The US State Department has expelled three Venezuelan diplomats in response to last week’s expulsion of three consular officials from Caracas.
Jen Psaki, the department’s spokeswoman, said on Tuesday that First Secretary Ignacio Luis Cajal Avalos, First Secretary Victor Manuel Pisani Azpurua, and Second Secretary Marcos Jose Garcia Figueredo, had 48 hours to leave the US.
The Venezuelan president, Nicolas Maduro, expelled three US diplomats from Caracas on February 17, saying they were supporting opposition plots to overthrow him.
Psaki cited US concerns about Venezuela’s record on human rights and support for democracy, but said the US remained open to a diplomatic relationship with Maduro.
“Venezuela also needs to show seriousness for us to be able to move forward,” she said. “And recent actions, including expelling three of our diplomats, continue to make that difficult.”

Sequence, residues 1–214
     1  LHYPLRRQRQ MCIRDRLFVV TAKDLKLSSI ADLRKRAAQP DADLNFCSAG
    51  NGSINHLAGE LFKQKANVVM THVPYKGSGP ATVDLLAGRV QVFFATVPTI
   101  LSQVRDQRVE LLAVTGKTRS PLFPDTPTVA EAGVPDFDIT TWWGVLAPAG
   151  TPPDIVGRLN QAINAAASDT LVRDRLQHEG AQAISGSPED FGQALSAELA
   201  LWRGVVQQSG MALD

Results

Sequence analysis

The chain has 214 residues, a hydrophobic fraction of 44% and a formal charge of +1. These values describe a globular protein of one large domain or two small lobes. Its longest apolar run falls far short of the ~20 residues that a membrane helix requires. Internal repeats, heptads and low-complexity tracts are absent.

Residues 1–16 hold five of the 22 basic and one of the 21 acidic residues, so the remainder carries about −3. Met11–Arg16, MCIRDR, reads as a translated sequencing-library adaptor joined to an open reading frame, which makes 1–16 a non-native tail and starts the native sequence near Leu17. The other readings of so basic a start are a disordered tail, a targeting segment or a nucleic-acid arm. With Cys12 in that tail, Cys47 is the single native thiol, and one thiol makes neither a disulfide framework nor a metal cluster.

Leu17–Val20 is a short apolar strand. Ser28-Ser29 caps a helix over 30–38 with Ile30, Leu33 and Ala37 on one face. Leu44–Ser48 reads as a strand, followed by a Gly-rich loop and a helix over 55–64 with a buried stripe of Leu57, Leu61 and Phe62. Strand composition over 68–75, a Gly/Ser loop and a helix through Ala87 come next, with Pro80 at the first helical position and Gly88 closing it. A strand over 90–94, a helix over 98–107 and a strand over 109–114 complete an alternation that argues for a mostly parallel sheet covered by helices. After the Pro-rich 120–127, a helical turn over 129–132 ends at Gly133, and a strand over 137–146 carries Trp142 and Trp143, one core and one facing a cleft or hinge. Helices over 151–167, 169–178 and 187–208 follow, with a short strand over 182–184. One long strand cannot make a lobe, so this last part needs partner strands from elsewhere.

Elias Jaua, Venezuelan foreign minister, said the US moves were “a retaliation” and “not reciprocity”.
Unlike the expelled US diplomats, Venezuelan diplomats were not taking actions against the US or in contact with violent anti-government groups, Jaua said as justification for his country’s earlier expulsions.
The two countries have not exchanged ambassadors since 2010, though they have maintained embassies.
Since February 12, Venezuelan opponents of Maduro have been staging countrywide protests that the government says have left at least 15 people dead and wounded about 150.
Authorities have detained 579 people, of whom 45, including nine police officers and members of the National Guard, remain in custody.
Though violent protests have died down, Venezuela remains tense.
Opposition protesters erected barricades to block traffic on major streets in Caracas and elsewhere Monday but there were no major clashes, the AP news agency reported.